Success and going hyper fast is all fun, but one of the topics lesser unspoken of is burnouts or recognizing when to take a step back.
I have had my fair share of burnouts, sleep deprivations or the constant mental tax debt floating around that I have to do this today instead of tomorrow.
Saw a Tweet yesterday about someone questioning herself that she can’t get back on track but everyone around her is at full speed.
My immediate response was: Turtle – Hare scenario.
Lots of them start strong, fast and furious even but rarely make it to the second quarter of the year. Let alone ride out an entire year. It’s not uncommon to see people ‘ship fast’, run hot for a quarter and disappear.
In my earlier days, I lied to myself too much. As in overextending myself making sacrifices I probably could have avoided.
Comparing my insides too much with someone else’s outsides. Thinking I had to work on the same pace or produce equally fast.
But time and experience gave me a lot of perspective. The worst part is that it often creeps up on you like a ninja in a John Woo movie and can be as destructive as a Michael Bay scene.
You might not always see the signs, but preventing self-destruction is better than fixing it.
Major Signs (I experienced)
The ones listed are coming from a personal experience. And not all of them will resonate or happened with you. Simply because each individual is differently built and level of tolerance varies from Tokyo to Vegas.
I completely undervalued the food cycle and types of food. Ever catch yourself sitting at your desk with a pizza box?
That was me, like 15 years ago.
I spiraled into a cycle where I neglected nutrition and no balance between proteins, vitamins or the much needed calories. Since a lot of times my brain required hyper focus and the ability to react in seconds (think day trading for example) I never understood the concept of great nutrition to perform better. Until I made mistakes and fuckups and another.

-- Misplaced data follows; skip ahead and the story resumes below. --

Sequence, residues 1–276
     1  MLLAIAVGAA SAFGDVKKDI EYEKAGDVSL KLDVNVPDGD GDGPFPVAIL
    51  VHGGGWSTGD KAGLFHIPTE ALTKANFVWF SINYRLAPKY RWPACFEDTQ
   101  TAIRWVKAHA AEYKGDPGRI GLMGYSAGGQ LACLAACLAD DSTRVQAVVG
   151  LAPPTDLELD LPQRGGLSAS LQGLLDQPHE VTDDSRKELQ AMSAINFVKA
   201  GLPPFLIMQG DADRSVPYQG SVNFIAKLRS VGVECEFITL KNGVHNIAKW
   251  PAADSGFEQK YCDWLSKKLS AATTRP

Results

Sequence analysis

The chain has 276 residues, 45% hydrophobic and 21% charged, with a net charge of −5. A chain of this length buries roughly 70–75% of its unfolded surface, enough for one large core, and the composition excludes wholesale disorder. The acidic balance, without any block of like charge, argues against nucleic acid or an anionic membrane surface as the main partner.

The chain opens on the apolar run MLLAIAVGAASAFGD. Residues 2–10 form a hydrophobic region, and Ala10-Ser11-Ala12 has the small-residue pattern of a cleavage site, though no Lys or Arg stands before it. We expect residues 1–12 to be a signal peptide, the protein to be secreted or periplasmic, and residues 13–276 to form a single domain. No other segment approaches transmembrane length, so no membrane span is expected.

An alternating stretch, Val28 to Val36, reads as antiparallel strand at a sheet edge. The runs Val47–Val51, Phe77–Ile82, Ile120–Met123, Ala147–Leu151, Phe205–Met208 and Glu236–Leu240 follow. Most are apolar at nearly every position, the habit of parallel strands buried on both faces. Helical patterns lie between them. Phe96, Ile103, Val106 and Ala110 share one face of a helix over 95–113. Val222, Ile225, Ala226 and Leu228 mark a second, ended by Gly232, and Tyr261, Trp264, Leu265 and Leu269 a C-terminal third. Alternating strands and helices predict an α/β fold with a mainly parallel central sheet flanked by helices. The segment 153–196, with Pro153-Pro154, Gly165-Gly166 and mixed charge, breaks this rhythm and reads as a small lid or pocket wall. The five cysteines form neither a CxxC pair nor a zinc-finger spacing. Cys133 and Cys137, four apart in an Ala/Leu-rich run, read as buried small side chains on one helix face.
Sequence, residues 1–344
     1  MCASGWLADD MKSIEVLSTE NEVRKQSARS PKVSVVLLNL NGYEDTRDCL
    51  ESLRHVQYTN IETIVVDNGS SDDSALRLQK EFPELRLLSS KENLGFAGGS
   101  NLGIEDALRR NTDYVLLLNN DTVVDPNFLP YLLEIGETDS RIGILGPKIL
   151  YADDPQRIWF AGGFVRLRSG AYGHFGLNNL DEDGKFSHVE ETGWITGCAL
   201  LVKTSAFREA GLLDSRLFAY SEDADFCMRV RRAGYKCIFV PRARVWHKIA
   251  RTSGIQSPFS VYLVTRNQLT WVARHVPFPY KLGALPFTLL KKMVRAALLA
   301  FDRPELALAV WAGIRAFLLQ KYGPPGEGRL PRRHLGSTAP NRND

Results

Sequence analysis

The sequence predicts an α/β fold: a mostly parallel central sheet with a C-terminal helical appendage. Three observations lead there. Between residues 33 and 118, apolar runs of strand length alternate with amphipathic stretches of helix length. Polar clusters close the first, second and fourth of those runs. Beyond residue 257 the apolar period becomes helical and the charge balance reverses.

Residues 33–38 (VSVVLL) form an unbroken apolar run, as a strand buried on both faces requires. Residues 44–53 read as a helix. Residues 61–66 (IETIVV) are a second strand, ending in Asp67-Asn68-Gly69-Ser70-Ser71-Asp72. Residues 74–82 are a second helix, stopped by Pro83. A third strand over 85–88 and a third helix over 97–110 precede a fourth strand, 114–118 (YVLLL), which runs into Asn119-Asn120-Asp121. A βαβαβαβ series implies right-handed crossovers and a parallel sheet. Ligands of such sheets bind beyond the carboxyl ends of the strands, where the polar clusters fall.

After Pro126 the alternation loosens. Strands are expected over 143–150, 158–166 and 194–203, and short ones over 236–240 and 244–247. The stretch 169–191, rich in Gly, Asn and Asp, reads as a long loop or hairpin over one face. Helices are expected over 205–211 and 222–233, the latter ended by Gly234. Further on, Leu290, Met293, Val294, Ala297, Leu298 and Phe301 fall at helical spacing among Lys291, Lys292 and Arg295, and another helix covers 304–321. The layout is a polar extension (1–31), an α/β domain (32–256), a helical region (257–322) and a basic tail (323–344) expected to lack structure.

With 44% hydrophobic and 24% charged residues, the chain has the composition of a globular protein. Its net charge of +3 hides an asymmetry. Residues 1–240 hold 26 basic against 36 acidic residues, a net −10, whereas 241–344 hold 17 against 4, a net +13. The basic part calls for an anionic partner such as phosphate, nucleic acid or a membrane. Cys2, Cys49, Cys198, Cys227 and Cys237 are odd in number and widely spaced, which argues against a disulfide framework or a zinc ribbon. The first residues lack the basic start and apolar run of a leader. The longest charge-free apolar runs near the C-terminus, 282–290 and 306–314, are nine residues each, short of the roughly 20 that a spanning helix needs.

The moment I started ignoring better food, I should have known it was a step towards self-destruction. Took me ages to repair a bad habit. Once in a while, I am still guilty falling back into a pattern, but it’s short lived. It did happen last year during my insane run between the hospital and home.
Unable To Sleep
One of the items I press on in LaunchPad or starting entrepreneurs is sleep. I ask them often: ‘Can you sleep at night?’. Which I respond with a line like: ‘The ability to sleep at night is a luxury lot of starting business owners don’t have.‘
This could be related to risk, financial distress or ideas piling up that you’re so eager to execute. The latter was the main driver in early stage.
That took me years to master. To just shut down my Mac and walk away on time and knowing when to just stop thinking about problems or potential ideas you are eager to pursue.
When you have a few consecutive days or weeks and catch yourself not being able to fall asleep, it’s time to revisit your habits, your business model or MO in the evening and phase out 2 hours earlier than usual. Walk away from your desk and set boundaries.
It’s hard. Every entrepreneur has those days where ideas fly around and your cortex is sparked by positives or negatives.
Not giving two fucks about anything after let’s say 9PM, certainly helps. Setting hours like you work a traditional 9-5 is NOT that bad.
Not the same as the inability to sleep.
There are too many days I can remember I go to sleep super tired, and wake up 3 hours later, wide awake at 2 or 3 AM.
There are too many days I can remember I went to bed at impossible hours and affected my level of critical thinking or decision making process.
All because of… building bad cycles that disrupted my usual routine.
Once you go down this rabbit hole, it was ridiculously hard to climb out of it.
Okay, I wasn’t the best example in 2023. Because of personal circumstances with my wife’s cancer and going back and forth juggling between honoring my phone calls with others and work that needs to be done.
Difference was that I know what it does, or how to solve it once the storm is over.
The Must Finish Mentality
I take a break every hour of the day. 5 mins or 20 mins. It does not matter. But what I did figure out for myself is that standing up and walking away from my desk every hour worked for me. (Not saying that it will for you)
Lots of new entrepreneurs go with the must finish now mentality and 4 hours later, they’re still glued to their computer.
I would have done the same thing in the past, but that mentality leads to silent disasters.
No matter what you’re doing, there’s always something else. There will be another task and another and another.
Shit is never ending and it probably never will.
I uphold this strategy or approach for years now, and that was the better hack (for myself) to build enough stamina for possible longer days or to avoid physical pains such as lower back.
Taking sufficient shorter breaks can help you find clarity. It can also help you zoom out of the actual scope of your work that day. Flying too close to the sun will inflict burns. No difference here.